They say (they who?) absence makes the heart grow fonder.
Maybe, but only when a reunion is inevitable. Otherwise, it just stirs anger and hurt. It’s the one thing in this world that I just don’t see myself ever coming to peace with. Oh, I know, everything and every life is temporary, our attachments cause us to suffer, there is a season for blah blah blah, and all that jazz. None of it makes it easier.
I just can’t make it easier on myself. Maybe I don’t want to because it’s not supposed to be easier. Maybe keeping grief is a good punishment for all the wrong we’ve done throughout our lives. Maybe it’s a fight against the worst part of the universe in the names of those we’ve loved.
It’s a gesture that says, “I will never give up on their existence, no matter how much time passes, no matter how many I lose to death, they will never not exist to me. And thank you for this pain you’ve lent me, but I think I will keep it, for it makes me stronger and it reminds me of what I have yet to lose.”
Grief is more powerful than happiness. It is stronger than acceptance. When you get tired of the despair eroding you, you will either use it or lose it.
Whoa, that was an unexpected tangent. Moving on:
There’s a reason we consider certain people/things special: because they aren’t the norm. They aren’t usual. They don’t happen or exist often enough for us to get used to them.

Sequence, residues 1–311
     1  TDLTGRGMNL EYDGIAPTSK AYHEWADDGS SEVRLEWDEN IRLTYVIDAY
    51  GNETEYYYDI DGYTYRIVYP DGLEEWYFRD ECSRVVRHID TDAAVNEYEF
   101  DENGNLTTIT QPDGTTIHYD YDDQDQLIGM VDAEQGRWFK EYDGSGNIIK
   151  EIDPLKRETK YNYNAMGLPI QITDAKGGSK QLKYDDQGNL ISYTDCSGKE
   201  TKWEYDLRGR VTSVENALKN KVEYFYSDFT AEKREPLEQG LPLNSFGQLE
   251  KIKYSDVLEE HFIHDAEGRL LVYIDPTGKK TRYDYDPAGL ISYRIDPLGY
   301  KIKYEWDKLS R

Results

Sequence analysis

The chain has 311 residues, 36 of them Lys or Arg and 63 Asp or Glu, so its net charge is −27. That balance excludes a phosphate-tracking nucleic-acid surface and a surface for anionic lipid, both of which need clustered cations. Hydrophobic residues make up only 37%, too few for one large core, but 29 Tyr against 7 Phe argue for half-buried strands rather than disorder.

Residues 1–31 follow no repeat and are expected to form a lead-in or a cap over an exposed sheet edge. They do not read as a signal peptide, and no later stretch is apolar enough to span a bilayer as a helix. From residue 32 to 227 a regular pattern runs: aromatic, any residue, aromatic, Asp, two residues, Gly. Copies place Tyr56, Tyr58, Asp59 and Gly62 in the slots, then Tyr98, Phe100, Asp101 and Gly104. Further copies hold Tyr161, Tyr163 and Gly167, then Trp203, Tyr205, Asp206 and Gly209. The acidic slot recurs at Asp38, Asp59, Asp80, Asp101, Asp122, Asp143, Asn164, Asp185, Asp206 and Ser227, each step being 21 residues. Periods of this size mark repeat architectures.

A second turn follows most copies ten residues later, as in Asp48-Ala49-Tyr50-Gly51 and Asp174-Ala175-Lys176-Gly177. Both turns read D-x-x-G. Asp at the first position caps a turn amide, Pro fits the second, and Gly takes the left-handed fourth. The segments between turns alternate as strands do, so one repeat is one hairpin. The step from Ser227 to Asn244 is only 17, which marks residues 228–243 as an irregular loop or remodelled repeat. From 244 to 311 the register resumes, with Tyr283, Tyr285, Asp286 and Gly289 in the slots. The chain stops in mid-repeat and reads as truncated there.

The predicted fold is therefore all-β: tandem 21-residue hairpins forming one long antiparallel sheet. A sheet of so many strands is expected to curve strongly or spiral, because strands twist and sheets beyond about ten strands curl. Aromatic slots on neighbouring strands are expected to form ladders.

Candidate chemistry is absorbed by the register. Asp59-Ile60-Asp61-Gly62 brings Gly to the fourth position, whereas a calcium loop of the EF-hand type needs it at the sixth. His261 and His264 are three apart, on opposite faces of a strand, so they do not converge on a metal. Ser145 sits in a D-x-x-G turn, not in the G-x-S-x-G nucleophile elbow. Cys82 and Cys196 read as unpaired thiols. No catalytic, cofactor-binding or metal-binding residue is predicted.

Albuquerque’s first tattoo convention was special. It sucked, it was mediocre, a mere wisp of a good time, but it was special because it was the first. It excited the city because it was about damn time.
Then, there was another six months later. Then another, and it wasn’t so special. In a city this size, having barely average tattoo conventions several times a year just strips out the special. Anticipation flatlines.
Now well-organized and out of its infancy, held annually, it is special. Any more than that would be shoving anti-special right down our throats.
There are, of course, certain situations and instances that no matter how much they exist never cease to be extraordinary. Like sex with your love. Like love with your love. Nightmares are always special, no matter how many nights in a row over the course of your life you have them. Star Wars also enjoys undying specialness.
Caviar at every meal, an anniversary every week, a cloudy sky every day, sleep for ten hours in a row (!), an “I love you” in every sentence, and a thousand other things would all grow too normal. There wouldn’t be even a hint of special left to savor.
Hold on to whatever is special to you for as long as possible. Then, appreciate the absence of it until it returns. Enjoy the anticipation. Look forward to that sweet moment when you can celebrate its return.
There is reason to enjoy not having what you want. If we can focus on that, the wait will be easy.